DIY Home Media Server for your Apple TV
One product that Apple is sorely missing from it's iTunes universe is a Home Media Server. There are some products out there that claim to "support" iTunes, however they only really stream music to other libraries. What most of us really want is a centralized repository that we can use to sync content to various devices. You might have an Apple TV, many iPods and multiple computers all with different libraries.
I was naively optimistic when I heard rumors that something like this would be announced at Macworld this year. In the absence of that announcement, or any suitable commercial substitute I setup my own solution.
Setting up the Server
I only recommend a PC cause you'll certainly be able to find one cheaper. Get a clean install of XP if you can. Make sure you have some kind of remoting software like Remote Desktop or VNC. The PC just needs to be powerful enough to run iTunes.
I used a Compaq laptop, mainly because it's what I had lying around, but there are added benefits to using a laptop. Other than the small size, it's nice to use a laptop as a server since it comes with it's own monitor, keyboard and mouse. It also has battery backup built in, so you wont have to worry about starting it back up after a brown out.
You'll also need something for storage, unless your server already has enough. I got a 1TB Western Digital MyBook so I don't have to worry about space for awhile. Remember, you can't span a single library across multple disks, so choose wisely.
Step 1 - Setup the Network
Ethernet is preferrable to Wireless for speed's sake. The server can go anywhere, so you might as well put it next to your router.
Make sure the right ports are open, or disable the Firewall if your router has one. Add these port numbers as exceptions under the Windows Firewall settings in the Control Panel.
Ports: VNC=5900, RDP=3389, SuperSync=5360
Make sure you setup the remoting software. For RDP look under Control Panel > System > Remote. For VNC use a server like TightVNC.
Step 2 - Copy your Content
Connect your external drive to your computer with your existing iTunes Library. Copy the iTunes Music folder to the external drive. You don't need any of the library Metadata.
Connect your external drive to the server. In iTunes change your iTunes Music folder location to the iTunes Music directory on the external HDD. (Preferences > Advanced)
In iTunes click File > Add Folder to Library. Then find the iTunes Music folder.
Step 3 - Connect the Apple TV
On your Apple TV go to Settings > Computers. Go back to iTunes and enter the passcode from the Apple TV. Start Syncing and Enjoy!
One of the lesser advertised features of the Apple TV is that if your iTunes library is larger than your ATV drive, it will still display all the content on the ATV, but it will stream it as necessary. I didn't want my ATV drive to be completely full at all times, so I set the syncing preferences to only sync the 10 most recent Movies and TV Shows. As long as your on a fast network it should stream fine. I'm using Wireless N, I'm not sure about G.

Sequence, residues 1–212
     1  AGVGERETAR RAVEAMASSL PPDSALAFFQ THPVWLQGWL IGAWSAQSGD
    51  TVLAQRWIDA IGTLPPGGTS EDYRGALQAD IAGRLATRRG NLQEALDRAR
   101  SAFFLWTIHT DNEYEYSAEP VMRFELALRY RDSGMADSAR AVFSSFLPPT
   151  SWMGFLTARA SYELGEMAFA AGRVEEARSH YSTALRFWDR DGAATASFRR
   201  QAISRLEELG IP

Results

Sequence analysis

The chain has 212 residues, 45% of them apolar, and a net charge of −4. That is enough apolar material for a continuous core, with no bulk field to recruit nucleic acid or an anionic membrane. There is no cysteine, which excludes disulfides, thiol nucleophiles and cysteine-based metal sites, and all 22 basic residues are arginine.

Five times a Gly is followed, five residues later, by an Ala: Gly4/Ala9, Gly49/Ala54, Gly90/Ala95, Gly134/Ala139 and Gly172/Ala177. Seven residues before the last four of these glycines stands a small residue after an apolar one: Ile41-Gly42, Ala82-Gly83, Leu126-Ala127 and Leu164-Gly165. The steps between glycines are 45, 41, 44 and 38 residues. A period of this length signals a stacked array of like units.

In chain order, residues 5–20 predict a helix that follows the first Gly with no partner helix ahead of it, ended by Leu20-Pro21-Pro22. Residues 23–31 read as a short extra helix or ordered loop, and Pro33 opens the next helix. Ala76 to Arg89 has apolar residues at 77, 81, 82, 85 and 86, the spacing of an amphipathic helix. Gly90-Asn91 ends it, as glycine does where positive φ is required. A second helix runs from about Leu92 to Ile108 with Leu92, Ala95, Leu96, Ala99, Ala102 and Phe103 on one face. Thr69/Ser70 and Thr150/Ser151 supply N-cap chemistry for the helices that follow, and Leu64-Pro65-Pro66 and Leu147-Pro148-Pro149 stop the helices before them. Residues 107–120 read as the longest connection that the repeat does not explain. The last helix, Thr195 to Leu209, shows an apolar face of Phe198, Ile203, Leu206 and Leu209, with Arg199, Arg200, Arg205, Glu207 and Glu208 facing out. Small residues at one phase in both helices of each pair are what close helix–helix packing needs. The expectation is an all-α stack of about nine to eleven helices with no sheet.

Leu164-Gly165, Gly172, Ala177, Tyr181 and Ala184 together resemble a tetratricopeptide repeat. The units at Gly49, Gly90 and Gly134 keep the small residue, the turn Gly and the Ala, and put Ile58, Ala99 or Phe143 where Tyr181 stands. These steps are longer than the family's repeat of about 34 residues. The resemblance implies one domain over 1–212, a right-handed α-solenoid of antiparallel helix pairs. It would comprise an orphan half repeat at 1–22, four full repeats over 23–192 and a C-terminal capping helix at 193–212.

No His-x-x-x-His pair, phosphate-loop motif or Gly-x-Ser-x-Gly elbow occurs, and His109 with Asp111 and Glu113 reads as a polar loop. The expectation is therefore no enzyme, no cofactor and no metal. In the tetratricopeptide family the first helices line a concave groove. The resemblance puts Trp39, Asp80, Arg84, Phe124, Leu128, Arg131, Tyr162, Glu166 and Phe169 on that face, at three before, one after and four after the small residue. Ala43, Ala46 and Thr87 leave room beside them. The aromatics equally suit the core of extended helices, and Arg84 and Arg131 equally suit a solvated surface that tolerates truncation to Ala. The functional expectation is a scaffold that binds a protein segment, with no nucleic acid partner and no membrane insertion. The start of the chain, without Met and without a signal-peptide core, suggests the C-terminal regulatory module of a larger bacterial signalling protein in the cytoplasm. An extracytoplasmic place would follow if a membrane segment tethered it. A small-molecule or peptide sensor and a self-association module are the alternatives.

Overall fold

At this point your server is ready to go and you can continue to archive all your content to the server without having to clutter up your primary computer. I ripped my entire DVD collection using Handbrake and now I have everything at my fingertips.
I could actually live without an Apple Media Server if they could solve this problem in iTunes. There should be a good way to not just stream, but copy and sync media between libraries that are authorized. Thankfully the third-party software SuperSync does just that.
SuperSync gives you a graphical delta of two remote iTunes libraries and allows you to push and pull between them. The software is a little complicated at first, but once you get used to it, it's pretty nice. They have a demo movie that explains most of it.
Just setup SuperSync on your server and primary computer, and you can easily copy content back and forth.
One of the benefits to having a server like this is that it's very convenient for streaming music throughout the house. All you need is a Airport Express and an iPhone/iPod Touch. Download the Apple Remote software for your iPhone and set it up to control your server library. Hookup the Airport Express to your stereo, and select it as the output speakers for your server. The Apple Remote software will let you do this from the Settings, or on the screen while a track is playing.
The iPhone can be a handy tool for managing your server and controlling your Apple TV. For example, there are many remoting clients for VNC and RDP. I use Jaadu RDP and it works great. I can be on my couch and connect to the server if I have any simple issues with it.
And of course the Apple Remote iPhone Application is an awesome tool for the Apple TV. Other than being able to browse your library, there's a really cool feature that I didn't know was there till I stumbled upon it. If you go to a text input screen on the Apple TV, a keyboard pops up on the iPhone. Pure genius.